“The drums begin to roll, my boys, the drums begin to roll, O it’s ‘Thin red line of ‘eroes’ when the drums begin to roll.” – Rudyard Kipling
Most Iconic Moment: “This Great Evil” monologue.
Notable Members of The Ensemble: Adrien Brody, Jim Caviezel, George Clooney, John Cusack, Woody Harrelson, Jared Leto, Nick Nolte, Sean Penn, John C. Reilly, John Travolta.
Casualties of War (Directed by Brian De Palma, 1989): Casualties of War is not a good movie. As a matter of fact, it would be a lot more accurate to admit that Casualties of War is actually a rather bad movie. If Martin Sheen could be compared to an errand boy in Apocalypse Now, then Michael J. Fox might as well have been a goddamn paperboy throughout Casualties. Meanwhile, Sean Penn’s attempt at a tough-guy New York dialect borders on ridicule and Don Harvey’s portrayal of Corporal Clark is downright laughable. Casualties is based on a true story but it certainly does not have the ring of one. The screenplay, written by Vietnam Veteran David Rabe, makes war seem irretrievably earnest. Adding insult to injury, the opening battle sequence looks and feels as if it was filmed on some back lot. Casualties makes the cut for the simple reason that it represents one iconic director’s attempt at making an iconic war movie. Unfortunately, that attempt falls markedly short (On the upside, Brian De Palma’s motion picture does feature the premiere supporting turns of both John Leguizamo and John C. Reilly).
Most Iconic Moment: Death of the Vietnamese hostage.
Notable Members of The Ensemble: Stephen Baldwin, Michael J. Fox, John Leguizamo, Sean Penn, Wendell Pierce, John C. Reilly, Ving Rhames.
Platoon (Written & Directed by Oliver Stone, 1986): What makes Platoon incredibly unique, at least so far as modern war epics are concerned, is that Oliver Stone left Yale to teach high school in Vietnam during 1965, two long years before returning as an enlisted member of the Army. That experience proved invaluable to Stone’s understanding of the terrain (the ants, the scorching heat, the V-C tracers and so on). There are echoes of Apocalypse Now all over Stone’s film, from the fact that Charlie Sheen plays both the central character (and the narrator) to the fact that his platoon has run amok inside the jungles of Cambodia. Considered the first in a cinematic trilogy (with Born On The Fourth of July and Heaven and Earth soon to follow), Platoon signifies the directorial coronation of Oliver Stone, if not the absolute pinnacle of Tom Berenger’s career. Stone’s film won the Academy Award for Best Picture in 1986 and it currently resides at No. 86 on AFI‘s List of 100 Years … 100 Movies.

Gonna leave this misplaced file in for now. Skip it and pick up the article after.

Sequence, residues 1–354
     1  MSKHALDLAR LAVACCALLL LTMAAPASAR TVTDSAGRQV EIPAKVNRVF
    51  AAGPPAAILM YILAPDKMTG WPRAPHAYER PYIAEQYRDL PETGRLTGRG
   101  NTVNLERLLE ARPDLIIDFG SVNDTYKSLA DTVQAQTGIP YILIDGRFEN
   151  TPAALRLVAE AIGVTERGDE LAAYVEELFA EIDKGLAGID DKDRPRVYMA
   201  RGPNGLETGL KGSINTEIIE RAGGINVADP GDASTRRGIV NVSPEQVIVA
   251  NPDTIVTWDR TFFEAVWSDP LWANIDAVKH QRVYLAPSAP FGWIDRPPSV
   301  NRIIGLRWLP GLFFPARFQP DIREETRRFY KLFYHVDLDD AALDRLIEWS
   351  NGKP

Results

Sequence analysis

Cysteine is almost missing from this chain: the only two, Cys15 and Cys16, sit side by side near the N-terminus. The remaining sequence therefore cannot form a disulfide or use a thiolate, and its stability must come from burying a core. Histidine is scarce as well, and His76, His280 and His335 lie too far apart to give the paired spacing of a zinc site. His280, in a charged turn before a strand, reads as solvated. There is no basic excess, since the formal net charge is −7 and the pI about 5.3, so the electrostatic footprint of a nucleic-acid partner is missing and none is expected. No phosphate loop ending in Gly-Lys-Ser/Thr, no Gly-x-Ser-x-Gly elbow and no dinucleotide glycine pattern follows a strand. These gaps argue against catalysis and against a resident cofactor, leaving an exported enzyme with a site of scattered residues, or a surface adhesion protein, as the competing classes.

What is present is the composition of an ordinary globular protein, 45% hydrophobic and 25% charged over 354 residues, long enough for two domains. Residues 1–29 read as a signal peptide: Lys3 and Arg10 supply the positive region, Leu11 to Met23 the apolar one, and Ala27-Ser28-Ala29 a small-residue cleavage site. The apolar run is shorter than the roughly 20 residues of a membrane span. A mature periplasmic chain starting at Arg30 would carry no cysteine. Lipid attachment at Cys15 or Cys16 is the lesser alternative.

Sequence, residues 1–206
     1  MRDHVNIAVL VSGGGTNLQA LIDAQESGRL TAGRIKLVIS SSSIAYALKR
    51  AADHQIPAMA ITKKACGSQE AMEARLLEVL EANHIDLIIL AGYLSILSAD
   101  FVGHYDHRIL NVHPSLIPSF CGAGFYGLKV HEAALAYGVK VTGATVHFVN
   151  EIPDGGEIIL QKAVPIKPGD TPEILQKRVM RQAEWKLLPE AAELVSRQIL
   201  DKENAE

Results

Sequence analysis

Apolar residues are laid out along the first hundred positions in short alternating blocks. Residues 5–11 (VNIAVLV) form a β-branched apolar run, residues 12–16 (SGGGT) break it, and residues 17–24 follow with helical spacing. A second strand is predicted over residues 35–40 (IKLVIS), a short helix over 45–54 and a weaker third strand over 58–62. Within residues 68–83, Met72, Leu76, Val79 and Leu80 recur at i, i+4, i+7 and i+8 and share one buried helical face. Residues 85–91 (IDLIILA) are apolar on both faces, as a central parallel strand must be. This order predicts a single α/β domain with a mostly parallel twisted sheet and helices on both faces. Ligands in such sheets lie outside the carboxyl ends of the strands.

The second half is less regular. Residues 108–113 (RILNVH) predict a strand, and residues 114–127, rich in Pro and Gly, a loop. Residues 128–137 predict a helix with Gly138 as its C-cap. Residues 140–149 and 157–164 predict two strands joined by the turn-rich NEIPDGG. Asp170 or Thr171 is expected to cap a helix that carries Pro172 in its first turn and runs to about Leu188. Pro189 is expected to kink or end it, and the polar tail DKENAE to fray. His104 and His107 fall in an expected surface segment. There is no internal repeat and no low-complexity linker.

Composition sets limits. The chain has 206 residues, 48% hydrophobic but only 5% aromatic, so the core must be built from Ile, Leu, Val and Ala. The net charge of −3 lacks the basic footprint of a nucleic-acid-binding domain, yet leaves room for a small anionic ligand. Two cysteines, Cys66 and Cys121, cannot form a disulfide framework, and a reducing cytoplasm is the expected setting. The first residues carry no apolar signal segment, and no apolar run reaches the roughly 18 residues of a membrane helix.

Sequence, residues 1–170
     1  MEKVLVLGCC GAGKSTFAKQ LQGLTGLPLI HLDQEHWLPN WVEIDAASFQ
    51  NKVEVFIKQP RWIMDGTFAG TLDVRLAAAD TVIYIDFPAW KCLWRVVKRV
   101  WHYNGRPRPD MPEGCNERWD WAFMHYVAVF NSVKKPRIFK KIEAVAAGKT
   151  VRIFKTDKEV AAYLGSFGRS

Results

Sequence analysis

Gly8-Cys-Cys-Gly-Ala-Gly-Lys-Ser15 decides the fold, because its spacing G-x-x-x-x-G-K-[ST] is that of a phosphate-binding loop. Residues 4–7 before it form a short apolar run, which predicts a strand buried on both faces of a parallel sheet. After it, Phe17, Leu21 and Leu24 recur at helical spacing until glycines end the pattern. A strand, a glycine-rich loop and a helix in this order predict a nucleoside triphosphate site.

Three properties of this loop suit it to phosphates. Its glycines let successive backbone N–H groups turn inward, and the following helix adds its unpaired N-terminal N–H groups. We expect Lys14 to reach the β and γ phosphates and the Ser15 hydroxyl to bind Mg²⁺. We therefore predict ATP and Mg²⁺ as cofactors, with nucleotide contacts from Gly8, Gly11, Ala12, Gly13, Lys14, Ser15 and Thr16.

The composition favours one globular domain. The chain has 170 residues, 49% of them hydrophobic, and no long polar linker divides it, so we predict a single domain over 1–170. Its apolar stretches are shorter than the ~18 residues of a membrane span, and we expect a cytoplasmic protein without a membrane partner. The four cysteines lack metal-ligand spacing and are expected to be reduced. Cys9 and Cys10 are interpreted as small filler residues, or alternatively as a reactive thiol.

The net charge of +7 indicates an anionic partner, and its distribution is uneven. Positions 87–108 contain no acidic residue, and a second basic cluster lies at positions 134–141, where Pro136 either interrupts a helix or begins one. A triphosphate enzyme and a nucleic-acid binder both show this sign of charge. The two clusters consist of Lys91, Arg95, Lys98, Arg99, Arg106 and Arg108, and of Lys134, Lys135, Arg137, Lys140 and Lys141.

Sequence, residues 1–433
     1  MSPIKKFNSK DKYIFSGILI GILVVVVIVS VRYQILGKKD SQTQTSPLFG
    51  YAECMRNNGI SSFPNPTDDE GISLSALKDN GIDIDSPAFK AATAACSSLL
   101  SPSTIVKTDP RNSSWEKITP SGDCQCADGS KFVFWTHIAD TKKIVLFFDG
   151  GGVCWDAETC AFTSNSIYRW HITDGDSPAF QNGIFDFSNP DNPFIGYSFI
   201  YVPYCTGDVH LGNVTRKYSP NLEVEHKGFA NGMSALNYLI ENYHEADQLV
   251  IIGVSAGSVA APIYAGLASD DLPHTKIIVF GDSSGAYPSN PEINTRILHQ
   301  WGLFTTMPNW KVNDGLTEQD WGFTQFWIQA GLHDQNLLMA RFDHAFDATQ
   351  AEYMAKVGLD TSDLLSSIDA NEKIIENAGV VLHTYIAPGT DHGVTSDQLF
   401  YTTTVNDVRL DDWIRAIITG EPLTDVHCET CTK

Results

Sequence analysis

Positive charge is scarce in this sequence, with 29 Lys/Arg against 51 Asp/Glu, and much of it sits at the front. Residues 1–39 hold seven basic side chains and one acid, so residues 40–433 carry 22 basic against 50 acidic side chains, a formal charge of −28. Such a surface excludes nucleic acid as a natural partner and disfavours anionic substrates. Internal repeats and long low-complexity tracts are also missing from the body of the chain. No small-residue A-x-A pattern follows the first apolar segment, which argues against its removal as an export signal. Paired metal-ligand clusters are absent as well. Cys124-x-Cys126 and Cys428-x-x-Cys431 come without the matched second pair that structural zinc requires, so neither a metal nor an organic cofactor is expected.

Most Iconic Moment: The tragic death of Sergeant Elias.
Notable Members of The Ensemble: Tom Berenger, Willem Dafoe, Johnny Depp, Kevin Dillon, Corey Glover, Mark Moses, Charlie Sheen, Oliver Stone, Forest Whitaker.
Apocalypse Now (Directed by Francis Ford Coppola, 1979): At the time of its release, Apocalypse Now became the third of Francis Ford Coppola’s seven feature films to have a fascinating mystique surrounding it. Coppola was in his late 30s at the time, and he wound up mortgaging his California home in a desperate attempt to finance the film. Largely shot in the monsoon jungles of the Philippines, Apocalypse remains the ultimate metaphor for man’s slow-grinding descent into psychosis. “The End“, “The Hollow Men“, the lens flares, the smell of napalm in the morning … Coppola is spinning mad throughout this film, forcing the audience to question whether it’s the man or the mechanism that’s truly gone insane. If Apocalypse has any obvious weak spot, it would have to be the casting of Martin Sheen as Captain Willard (Harvey Keitel was originally cast in the role before being replaced by Coppola). As an audience member, you never truly buy Sheen inhabiting the role of cold-blooded assassin. In what might be considered an unfortunate case of life reflecting art, Sheen actually experienced a mild heart attack on the set during production, one that subsequently forced him to abandon the Philippines for well over a month. Not exactly the type of physical breakdown one might expect from the killing machine chosen to take out Colonel Kurtz. Regardless, Apocalypse remains a modern masterpiece of cinema. It is currently ranked No. 14 on Sight and Sound‘s List of The 50 Greatest Films of All-Time and No. 28 on AFI‘s List of 100 Years ,,, 100 Movies.
Most Iconic Moment: Kilgore’s napalm airstrike.
Notable Members of The Ensemble: Marlon Brando, Francis Ford Coppola, Robert Duvall, Laurence Fishburne, Harrison Ford, Bill Graham, Dennis Hopper, Martin Sheen.